What other people think about this is not necessarily my concern and won't change my opinion. MNIN is one of the best directed westerns ever. And I can see it in nearly every scene. There are flaws in the conception, but the mere staging of the scenes is superb.
Look at the simple shot when Fonda leaves the ferry rides up a small hill and spots from there the "fishing" Hill down at the river. That's a magnificent shot. I can find this way of shooting often by Leone and Corbucci, but only rarely in other SWs.


Title: Re: Scorsese on OUTIA
Post by: Dust Devil on January 31, 2011, 07:25:00 AM
What other people think about this is not necessarily my concern and won't change my opinion.

Hell, haha, this is my sort of answer. Same here, but what I wanted to say is that many of us here do consider it to be connected with Leone, but at the same time have to bow down to the presented facts - MNIN just doesn't have that feeling of perpetual brilliance that all of his movies, save perhaps COR, have. DVD - this movie was made to be put on one, so that one doesn't have to watch all those boring scenes when the concept and character over-indulging drown the direction of the story and the message down.

MNIN is one of the best directed westerns ever. And I can see it in nearly every scene. There are flaws in the conception, but the mere staging of the scenes is superb.
Look at the simple shot when Fonda leaves the ferry rides up a small hill and spots from there the "fishing" Hill down at the river. That's a magnificent shot. I can find this way of shooting often by Leone and Corbucci, but only rarely in other SWs.

A Western very dear to me too. Watched it as a kid numerous times. Still, for me it is not his movie cause of what presented above.

Yes, that is a great scene, but say, what about the scenes when Nobody's in town? Those are Barboni scenes, not Leone scenes, as much as I like both directors for what they offered. The movies he directed don't have amplitudes that are that drastic.

Finally, Leone didn't strike me as someone who liked sharing his ideas and merits with anybody else. I'm thinking if MNIN was indeed his movie, he would have been credited as the director. Make no mistake about it. ;)


Title: Re: Scorsese on OUTIA
Post by: drinkanddestroy on January 31, 2011, 02:19:56 PM


Finally, Leone didn't strike me as someone who liked sharing his ideas and merits with anybody else. I'm thinking if MNIN was indeed his movie, he would have been credited as the director. Make no mistake about it. ;)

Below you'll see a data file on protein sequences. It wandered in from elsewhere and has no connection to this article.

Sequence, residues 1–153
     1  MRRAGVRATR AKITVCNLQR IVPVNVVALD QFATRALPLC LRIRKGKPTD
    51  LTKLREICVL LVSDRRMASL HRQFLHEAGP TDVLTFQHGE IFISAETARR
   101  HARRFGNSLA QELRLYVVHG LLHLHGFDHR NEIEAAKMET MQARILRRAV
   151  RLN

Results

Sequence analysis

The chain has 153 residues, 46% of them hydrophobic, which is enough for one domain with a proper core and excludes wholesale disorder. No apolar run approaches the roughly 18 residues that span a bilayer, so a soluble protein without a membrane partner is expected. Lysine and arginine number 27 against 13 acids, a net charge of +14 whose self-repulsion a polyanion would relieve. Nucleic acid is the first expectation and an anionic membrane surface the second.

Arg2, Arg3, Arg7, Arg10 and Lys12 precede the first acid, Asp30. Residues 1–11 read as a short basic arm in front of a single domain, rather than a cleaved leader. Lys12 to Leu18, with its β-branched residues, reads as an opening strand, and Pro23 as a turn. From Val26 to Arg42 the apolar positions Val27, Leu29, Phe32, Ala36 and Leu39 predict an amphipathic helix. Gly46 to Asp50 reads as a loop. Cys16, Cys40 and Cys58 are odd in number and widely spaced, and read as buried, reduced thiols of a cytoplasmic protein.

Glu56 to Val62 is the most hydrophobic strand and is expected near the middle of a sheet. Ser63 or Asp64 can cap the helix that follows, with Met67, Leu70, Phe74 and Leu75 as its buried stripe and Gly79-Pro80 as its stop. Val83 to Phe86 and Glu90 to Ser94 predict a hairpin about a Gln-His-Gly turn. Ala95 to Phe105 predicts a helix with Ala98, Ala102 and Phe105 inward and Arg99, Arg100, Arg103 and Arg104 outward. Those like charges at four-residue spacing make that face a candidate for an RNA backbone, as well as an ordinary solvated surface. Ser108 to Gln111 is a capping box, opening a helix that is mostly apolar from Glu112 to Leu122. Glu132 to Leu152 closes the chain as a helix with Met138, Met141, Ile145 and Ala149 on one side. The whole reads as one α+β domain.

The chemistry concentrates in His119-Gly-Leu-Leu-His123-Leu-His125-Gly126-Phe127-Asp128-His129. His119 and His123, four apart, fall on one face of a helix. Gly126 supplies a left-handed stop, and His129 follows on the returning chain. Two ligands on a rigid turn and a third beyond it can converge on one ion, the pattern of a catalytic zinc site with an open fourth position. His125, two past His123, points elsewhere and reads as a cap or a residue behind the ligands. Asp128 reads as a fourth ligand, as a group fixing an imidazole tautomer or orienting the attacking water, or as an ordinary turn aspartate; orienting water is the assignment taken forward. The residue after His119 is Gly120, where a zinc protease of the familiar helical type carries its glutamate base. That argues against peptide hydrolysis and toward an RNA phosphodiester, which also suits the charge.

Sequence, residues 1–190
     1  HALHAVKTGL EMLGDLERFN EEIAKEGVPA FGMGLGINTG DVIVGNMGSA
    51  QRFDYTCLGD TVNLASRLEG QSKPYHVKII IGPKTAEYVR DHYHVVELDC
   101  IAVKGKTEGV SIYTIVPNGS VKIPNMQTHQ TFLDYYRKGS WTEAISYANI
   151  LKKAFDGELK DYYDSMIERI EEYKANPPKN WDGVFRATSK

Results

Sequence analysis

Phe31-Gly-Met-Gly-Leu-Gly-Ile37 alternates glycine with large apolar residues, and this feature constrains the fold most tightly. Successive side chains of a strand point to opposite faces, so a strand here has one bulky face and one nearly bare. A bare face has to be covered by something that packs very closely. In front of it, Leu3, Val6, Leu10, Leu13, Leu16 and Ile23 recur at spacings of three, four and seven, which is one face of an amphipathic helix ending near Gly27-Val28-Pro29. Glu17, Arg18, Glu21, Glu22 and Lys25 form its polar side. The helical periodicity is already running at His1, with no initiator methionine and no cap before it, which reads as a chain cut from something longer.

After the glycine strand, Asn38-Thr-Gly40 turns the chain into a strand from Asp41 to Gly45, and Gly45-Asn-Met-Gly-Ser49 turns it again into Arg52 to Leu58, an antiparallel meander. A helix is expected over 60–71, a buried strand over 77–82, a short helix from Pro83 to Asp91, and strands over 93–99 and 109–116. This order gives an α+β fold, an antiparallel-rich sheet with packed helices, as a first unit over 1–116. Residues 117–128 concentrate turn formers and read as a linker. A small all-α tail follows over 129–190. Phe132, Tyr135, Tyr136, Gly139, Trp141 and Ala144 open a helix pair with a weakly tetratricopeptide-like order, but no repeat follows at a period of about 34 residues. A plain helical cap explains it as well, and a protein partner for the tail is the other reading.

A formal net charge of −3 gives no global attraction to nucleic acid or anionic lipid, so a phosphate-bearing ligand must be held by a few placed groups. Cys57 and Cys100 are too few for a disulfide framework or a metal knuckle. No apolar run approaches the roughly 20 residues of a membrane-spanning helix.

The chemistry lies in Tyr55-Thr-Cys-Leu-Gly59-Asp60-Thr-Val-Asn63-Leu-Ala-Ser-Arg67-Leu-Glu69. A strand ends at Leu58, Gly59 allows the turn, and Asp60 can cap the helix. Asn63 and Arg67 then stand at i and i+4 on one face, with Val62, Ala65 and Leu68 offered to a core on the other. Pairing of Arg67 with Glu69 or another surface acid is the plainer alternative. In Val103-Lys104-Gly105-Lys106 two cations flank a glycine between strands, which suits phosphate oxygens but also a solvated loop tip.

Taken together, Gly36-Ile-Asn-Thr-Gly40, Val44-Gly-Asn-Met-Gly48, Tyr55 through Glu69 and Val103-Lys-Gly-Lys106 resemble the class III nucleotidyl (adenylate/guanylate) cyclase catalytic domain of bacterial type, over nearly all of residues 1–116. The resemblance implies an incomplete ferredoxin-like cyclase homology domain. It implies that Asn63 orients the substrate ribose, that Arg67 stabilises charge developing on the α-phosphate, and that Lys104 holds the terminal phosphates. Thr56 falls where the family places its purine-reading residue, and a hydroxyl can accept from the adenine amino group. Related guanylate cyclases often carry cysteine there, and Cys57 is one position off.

I'm not so sure about that. One of the reasons Peter Bogdanovich didn't work out as director of DYS (according to Frayling) is that Leone wanted Bogdanovich to shoot the movie Leone-style (eg. tight close-ups) but Bogdanovich wasn't interested in shooting a Leone film, he wanted to do it his own way.

So it would seem that rather than refusing to share his ideas, Leone was actually quite eager to have movies he was involved with being filmed Leone-style.

("Something to do with Death" indeed describes how Leone would often not give full credit to some of those who worked on the films,  but I do not think that he refrained from sharing his directing ideas with those who directed films he produced)


Title: Re: Scorsese on OUTIA
Post by: Groggy on January 31, 2011, 04:30:39 PM
hey, everyone is entitled to his opinion  :)

I myself had mixed feelings about MNIN. I watched it once, but I didn't really "get it." I mean, I understood the basic metaphor of Hill as the Spaghetti Western and Fonda as the Hollywood Western, but I didn't really understand it fully, cuz the only Westerns I had seen by the time I watched MNIN were Leone's and a few from Hollywood. I had never seen any non-Leone Spaghettis, or any of the Trinity films.

I subsequently read up more about MNIN, and realized I should really have watched some other Spaghettis, and the Trinitys, before watching MNIN. I have not watched MNIN a second time yet, but from what I have read, I have a newfound respect for it. I plan to watch some more Spaghettis and the Trinitys and then watch MNIN again, and I think I will be able to understand and appreciate it better.

I've seen MNIN three times now and still think it's mediocre.


Title: Re: Scorsese on OUTIA
Post by: Dust Devil on January 31, 2011, 11:32:09 PM
I'm not so sure about that. One of the reasons Peter Bogdanovich didn't work out as director of DYS (according to Frayling) is that Leone wanted Bogdanovich to shoot the movie Leone-style (eg. tight close-ups) but Bogdanovich wasn't interested in shooting a Leone film, he wanted to do it his own way.

So it would seem that rather than refusing to share his ideas, Leone was actually quite eager to have movies he was involved with being filmed Leone-style.

("Something to do with Death" indeed describes how Leone would often not give full credit to some of those who worked on the films,  but I do not think that he refrained from sharing his directing ideas with those who directed films he produced)

It is my personal persuasion the reason behind those possibilities was that SL wanted to see if the only reason for his movies/vision not reaching the audience in the US was himself. Just my two cents. ;)


Title: Re: Scorsese on OUTIA
Post by: Dust Devil on January 31, 2011, 11:33:54 PM
In fact, all stories aside, nobody directed the movies he wanted to direct himself. Nobody was faster. That's what I'm sayin'.


Title: Re: Scorsese on OUTIA
Post by: drinkanddestroy on February 01, 2011, 01:01:57 AM
It is my personal persuasion the reason behind those possibilities was that SL wanted to see if the only reason for his movies/vision not reaching the audience in the US was himself. Just my two cents. ;)